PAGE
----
The White House is pushing for the rollout of a COVID-19 vaccine on or before Nov 1. At the same time, it is trying to distract the American public from the devastation the novel coronavirus has wreaked in the United States.
The US administration's approaches are worrying many scholars and vaccine experts.
In an article published by US magazine Foreign Policy, Laurie Garrett, a former senior fellow for global health at the Council on Foreign Relations, wrote that she had no confidence that a safe and effective vaccine will be ready for use by Halloween.
"In its mad sprint to Election Day, the White House has funneled billions of dollars into drug companies and ordered government agencies to execute their public health duties at breakneck speeds that defy credulity," Garrett said.
She said the timetable is simply too short for full safety analysis of any vaccine.
The US Centers for Disease Control and Prevention notified states to be ready to distribute one to high-priority groups as soon as Nov 1－two days before the presidential election.
But none of the more than 150 vaccines in the research pipeline worldwide have completed phase 3 safety and efficacy clinical trials, Garrett said.
The CDC deadline has fueled concerns among Democrats and some health officials of political pressures to fast-track vaccine approval at the expense of public safety.
Senate Democratic Leader Chuck Schumer said in a statement on Thursday the public should be cautious the administration of US President Donald Trump may influence the Food and Drug Administration's decision to approve a COVID-19 vaccine earlier than is safe for political gain.
In early August, 417 vaccine experts sent a letter to FDA chief Stephen Hahn, expressing concern that Operation Warp Speed－the Trump administration's multibillion-dollar vaccine campaign－was overly politicizing the effort and corners might be cut in safety and efficacy screening.
Others have noted that release of a poorly effective or side effects-inducing COVID vaccine risks permanently eroding public trust in the entire process, leading to the populace's refusal to immunize.
Nine vaccine makers－Pfizer, Merck, AstraZeneca, Sanofi, GlaxoSmithKline, BioNTech, Johnson &Johnson, Moderna, and Novavax－followed suit, issuing their own public pledge not to seek government approval without extensive safety and effectiveness data on Tuesday, according to US health news website Stat.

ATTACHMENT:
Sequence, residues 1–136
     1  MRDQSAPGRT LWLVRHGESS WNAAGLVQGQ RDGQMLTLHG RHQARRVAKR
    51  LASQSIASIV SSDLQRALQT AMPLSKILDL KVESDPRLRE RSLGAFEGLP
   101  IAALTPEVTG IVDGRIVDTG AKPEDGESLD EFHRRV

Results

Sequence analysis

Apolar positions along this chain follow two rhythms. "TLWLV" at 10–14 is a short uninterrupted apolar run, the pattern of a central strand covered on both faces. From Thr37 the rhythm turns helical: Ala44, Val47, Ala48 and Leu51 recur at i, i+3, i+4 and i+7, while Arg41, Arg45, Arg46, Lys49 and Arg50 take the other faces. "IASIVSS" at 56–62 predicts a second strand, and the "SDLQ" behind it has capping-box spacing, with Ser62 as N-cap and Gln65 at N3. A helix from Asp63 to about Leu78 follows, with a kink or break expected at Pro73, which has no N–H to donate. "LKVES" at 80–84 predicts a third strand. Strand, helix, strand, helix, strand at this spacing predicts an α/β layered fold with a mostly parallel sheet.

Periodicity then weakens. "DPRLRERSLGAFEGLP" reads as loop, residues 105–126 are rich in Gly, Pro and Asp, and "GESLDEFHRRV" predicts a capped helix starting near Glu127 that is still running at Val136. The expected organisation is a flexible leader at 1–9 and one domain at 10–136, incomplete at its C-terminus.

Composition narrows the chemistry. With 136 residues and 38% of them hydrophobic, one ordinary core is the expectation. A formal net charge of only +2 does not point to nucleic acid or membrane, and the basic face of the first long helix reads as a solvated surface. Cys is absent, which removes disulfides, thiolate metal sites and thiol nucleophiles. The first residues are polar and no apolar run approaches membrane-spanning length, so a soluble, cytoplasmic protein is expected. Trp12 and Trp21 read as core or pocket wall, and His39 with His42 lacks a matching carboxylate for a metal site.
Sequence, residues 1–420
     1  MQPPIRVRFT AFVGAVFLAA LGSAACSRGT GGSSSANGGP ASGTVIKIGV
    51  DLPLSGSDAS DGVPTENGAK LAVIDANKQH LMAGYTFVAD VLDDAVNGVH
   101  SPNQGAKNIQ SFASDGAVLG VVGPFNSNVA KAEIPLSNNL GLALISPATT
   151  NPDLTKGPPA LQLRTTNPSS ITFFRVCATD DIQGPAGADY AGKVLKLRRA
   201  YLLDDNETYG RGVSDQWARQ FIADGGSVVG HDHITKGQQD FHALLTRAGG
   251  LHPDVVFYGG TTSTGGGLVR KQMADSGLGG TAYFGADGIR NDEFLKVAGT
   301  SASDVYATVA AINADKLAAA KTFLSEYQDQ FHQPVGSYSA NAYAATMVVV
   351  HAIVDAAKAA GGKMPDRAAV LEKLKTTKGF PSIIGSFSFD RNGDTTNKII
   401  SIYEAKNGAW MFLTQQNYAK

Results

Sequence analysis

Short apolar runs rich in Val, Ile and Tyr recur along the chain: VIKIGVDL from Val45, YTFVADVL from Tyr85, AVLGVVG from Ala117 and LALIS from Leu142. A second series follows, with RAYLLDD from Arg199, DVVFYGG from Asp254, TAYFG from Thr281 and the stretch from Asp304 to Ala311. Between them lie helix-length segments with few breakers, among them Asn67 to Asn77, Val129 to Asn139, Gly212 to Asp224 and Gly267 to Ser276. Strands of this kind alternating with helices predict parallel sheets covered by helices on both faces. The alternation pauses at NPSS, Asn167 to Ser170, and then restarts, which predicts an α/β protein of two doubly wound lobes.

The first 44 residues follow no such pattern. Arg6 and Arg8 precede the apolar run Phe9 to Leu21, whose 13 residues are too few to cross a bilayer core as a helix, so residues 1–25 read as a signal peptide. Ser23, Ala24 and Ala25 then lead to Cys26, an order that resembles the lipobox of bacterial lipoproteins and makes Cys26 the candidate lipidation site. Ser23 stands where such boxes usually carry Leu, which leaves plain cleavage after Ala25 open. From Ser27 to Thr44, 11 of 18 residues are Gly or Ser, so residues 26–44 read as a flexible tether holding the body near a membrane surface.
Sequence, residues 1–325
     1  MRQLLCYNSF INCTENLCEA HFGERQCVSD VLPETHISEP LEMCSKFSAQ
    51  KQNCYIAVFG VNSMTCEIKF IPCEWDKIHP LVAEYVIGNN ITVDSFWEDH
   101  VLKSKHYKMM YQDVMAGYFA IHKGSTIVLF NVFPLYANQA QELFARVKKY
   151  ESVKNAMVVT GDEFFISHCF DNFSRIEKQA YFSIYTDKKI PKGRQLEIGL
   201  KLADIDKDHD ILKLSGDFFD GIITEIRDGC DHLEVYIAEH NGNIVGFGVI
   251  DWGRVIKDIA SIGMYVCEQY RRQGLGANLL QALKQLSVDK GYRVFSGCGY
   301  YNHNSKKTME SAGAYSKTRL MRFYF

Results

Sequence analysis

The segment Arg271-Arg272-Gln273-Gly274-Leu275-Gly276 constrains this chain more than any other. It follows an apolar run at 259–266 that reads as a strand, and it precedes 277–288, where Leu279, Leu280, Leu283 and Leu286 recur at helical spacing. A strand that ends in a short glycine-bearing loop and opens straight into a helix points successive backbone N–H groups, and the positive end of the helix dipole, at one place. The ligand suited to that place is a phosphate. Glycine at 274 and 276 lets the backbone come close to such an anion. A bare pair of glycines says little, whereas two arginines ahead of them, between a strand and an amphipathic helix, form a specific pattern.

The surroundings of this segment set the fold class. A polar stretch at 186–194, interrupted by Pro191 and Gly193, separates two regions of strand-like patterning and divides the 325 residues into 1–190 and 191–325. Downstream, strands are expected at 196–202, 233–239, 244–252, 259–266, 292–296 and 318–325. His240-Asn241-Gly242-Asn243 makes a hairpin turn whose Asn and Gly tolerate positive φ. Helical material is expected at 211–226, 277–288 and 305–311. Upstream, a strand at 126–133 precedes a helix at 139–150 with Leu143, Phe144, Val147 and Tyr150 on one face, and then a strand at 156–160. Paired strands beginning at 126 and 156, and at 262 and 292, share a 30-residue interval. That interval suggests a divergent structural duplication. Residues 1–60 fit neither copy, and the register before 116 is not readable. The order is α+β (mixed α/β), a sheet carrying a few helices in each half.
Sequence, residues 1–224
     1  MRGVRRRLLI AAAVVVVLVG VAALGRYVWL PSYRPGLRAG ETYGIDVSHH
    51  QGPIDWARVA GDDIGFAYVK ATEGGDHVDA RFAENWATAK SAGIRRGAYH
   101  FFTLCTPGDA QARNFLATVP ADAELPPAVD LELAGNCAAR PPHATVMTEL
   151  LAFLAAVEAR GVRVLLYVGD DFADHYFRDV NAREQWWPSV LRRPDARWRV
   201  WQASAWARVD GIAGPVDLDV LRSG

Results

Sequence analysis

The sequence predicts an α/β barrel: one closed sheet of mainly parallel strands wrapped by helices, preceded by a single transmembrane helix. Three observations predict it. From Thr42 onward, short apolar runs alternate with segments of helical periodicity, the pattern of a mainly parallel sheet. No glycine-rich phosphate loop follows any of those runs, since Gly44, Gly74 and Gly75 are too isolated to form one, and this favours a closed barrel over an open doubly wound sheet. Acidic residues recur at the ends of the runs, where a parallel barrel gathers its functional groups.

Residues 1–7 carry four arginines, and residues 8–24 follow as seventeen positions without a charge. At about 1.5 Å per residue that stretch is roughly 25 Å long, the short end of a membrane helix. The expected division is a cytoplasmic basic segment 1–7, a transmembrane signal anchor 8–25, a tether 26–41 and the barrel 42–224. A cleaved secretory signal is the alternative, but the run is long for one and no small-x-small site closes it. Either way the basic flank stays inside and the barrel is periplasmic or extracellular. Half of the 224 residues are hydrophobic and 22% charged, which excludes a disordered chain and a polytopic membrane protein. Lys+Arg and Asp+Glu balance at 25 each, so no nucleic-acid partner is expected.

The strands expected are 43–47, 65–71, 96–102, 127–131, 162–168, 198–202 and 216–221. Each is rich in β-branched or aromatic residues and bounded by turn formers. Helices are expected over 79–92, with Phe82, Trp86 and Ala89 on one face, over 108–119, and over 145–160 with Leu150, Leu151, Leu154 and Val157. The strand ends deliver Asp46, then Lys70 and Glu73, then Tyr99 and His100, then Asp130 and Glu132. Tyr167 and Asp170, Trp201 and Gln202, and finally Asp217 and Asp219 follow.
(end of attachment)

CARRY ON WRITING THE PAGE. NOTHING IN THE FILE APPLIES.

The White House has refused to join in international cooperation on vaccines.
On Aug 24, World Health Organization's Director-General Tedros Adhanom Ghebreyesus said in Geneva that a 172-nation commitment, the COVID-19 Vaccines Global Access Facility is aiming to hasten collaboration worldwide for creation of a vaccine for all of humanity. "Our only way out of this pandemic is together," Tedros said.
But the White House announced on Sept 2 that the US will refuse to join in, or cooperate with, COVAX. "The United States will continue to engage our international partners to ensure we defeat this virus, but we will not be constrained by multilateral organizations influenced by the corrupt World Health Organization and China," said White House spokesman Judd Deere.
The WHO solidarity effort argued in an editorial published in The Lancet in August that a weakly effective vaccine could actually worsen the pandemic if it induced authorities to relax control measures, such as mask-wearing, or if vaccinated people believed they were immune and increased their risk-taking behavior.
Many vaccine veterans worry that political forces－the US presidential election, nationalistic pride to "win" a race and the need to resuscitate economies－could lead to premature and dangerous approvals under mechanisms such as the emergency use authorization, a pathway used by the US to allow rapid access to diagnostics, treatments and vaccines, according to Science magazine.
The White House's top health officials and advisers last week adamantly insisted political motivations won't play into timeline for coronavirus vaccine.
But US officials are continuing to politicize the pandemic. In a State Department tweet on Sunday, US Secretary of State Mike Pompeo pointed the finger at China for the virus.
In a tweet responding to Pompeo's remarks, Michael Swaine, senior associate at the Carnegie Endowment for International Peace in Washington DC, said: "Here is a clear example of the use of COVID 2 try to distract the US public from the real source of the devastation the virus has wreaked in the US: Trump and self-deluded Americans who think that individual liberty justifies a callous disregard for the safety of others. Pathetic."
The US has seen 6,222,974 COVID-19 cases and 188,003 deaths as of Tuesday, according to the World Health Organization.